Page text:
Being stuck in quarantine isn’t easy, especially when you have little ones! Mange this period smartly with our Tips for Handling Home Isolation with Kids.
We live in strange times. In fact, even our grandparents probably don’t remember a time when the entire planet was completely shut down, except perhaps those who lived in war zones. A time when no one goes to work, no one goes to school, and when we’re all hiding from an invisible enemy – unprecedented times indeed.
With state governments and eventually the central government declaring a complete lockdown in the country, we’re all stuck at home with our families. Not being able to go outside and do our regular tasks is frustrating for us already, so imagine how it must be for little kids who’re bursting with energy!
Quarantine isn’t easy, but this too, shall pass. In the meantime, we can make the most of this period we’re at home without driving each other crazy. Who knows, maybe this is actually a blessing in disguise for many families!
Tips for Handling Home Isolation with Kids
Explain the Situation
The very first thing to do as a parent in this situation, is to stay calm. No, it’s not easy, and the uncertainty of everything is enough to induce anxiety in anyone. We don’t know for sure when this is going to end, what the financial picture is going to be like and how badly we’re all going to be affected. What we do know, however, is that we have the power to control our reactions, and indirectly, the reaction of our children.
Depending upon your child’s age, explain the situation to them. They know that school and exams have been cancelled, and it’s because of something called Coronavirus, which is bad (even though it got classes cancelled). Tell them that it’s something that can get them sick, and we’re all staying home for some time so the virus can’t get to everyone.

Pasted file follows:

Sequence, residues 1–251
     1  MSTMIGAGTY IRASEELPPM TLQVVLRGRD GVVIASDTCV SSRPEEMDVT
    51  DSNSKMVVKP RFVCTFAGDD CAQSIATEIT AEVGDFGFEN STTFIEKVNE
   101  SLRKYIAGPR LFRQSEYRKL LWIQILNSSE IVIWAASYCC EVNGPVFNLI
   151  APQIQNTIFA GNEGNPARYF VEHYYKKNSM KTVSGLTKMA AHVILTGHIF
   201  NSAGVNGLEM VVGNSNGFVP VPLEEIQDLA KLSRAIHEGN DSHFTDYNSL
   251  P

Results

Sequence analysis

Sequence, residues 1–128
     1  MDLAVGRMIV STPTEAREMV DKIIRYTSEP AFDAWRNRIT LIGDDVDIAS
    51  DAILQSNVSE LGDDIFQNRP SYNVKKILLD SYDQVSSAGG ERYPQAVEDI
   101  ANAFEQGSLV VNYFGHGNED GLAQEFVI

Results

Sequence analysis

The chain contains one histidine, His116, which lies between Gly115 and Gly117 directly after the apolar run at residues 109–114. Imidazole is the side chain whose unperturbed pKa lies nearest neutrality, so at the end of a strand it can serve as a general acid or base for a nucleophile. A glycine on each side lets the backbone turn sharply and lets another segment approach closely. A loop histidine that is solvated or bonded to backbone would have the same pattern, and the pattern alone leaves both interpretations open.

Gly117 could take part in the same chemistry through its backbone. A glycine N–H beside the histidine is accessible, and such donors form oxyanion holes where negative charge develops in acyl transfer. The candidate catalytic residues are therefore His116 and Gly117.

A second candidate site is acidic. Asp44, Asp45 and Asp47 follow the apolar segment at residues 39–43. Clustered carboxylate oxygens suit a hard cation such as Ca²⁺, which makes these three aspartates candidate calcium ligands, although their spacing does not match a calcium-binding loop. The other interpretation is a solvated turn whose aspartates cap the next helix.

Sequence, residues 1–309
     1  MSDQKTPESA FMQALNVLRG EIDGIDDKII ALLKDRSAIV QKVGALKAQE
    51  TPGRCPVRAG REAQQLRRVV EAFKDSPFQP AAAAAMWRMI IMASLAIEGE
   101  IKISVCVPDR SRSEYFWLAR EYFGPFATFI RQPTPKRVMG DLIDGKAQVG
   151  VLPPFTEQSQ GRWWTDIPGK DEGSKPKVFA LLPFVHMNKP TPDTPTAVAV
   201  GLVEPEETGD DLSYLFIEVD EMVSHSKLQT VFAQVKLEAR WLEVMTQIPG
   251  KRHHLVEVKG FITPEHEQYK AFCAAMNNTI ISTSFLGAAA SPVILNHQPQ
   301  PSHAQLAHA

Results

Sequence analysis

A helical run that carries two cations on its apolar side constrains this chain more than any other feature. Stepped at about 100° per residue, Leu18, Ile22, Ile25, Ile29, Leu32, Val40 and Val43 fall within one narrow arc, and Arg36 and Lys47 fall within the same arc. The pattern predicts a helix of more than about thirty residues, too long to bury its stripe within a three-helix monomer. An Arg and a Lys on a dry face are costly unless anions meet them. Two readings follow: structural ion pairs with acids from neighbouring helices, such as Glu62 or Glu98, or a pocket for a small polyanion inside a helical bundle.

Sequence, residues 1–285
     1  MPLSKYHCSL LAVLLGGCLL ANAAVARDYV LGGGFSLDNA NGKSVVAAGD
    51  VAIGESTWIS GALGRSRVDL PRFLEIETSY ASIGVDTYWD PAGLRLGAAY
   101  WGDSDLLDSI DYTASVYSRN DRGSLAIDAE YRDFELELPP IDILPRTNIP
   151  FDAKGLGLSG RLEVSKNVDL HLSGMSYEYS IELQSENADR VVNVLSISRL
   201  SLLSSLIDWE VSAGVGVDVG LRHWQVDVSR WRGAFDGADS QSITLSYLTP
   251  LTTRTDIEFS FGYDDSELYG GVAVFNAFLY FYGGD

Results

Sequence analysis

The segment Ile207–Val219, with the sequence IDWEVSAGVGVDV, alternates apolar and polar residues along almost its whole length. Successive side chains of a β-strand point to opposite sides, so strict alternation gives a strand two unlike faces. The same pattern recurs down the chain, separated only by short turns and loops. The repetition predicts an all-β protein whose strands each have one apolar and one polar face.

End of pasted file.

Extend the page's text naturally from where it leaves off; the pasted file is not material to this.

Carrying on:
Don’t give too many details – most kids are satisfied with just a basic explanation. Unnecessary information will only create panic and that’s the last thing you want to do. Be matter-of-fact when explaining things and assuage their fears calmly. Older kids may have got a bit of misinformation from friends – clear these by checking reliable websites like the WHO or CDC. You can even do this together, so your child learns from an early age where to get reliable information from.
Stick to a Routine
A routine is a great way to establish a feeling of security and stability, even if the world seems to be falling apart. That’s why routines are advised even for newborn babies – who’re among the most unpredictable people ever! The same is true when you’re all in home isolation, when we don’t have school or work timings to guide us through our day.
Try to set up a routine that’s similar to your regular one, especially with regards to bedtime and waking up. Kids still need enough sleep, especially since it’s an important part of boosting immunity. Let younger kids take their naps as they usually do, so they don’t end up cranky.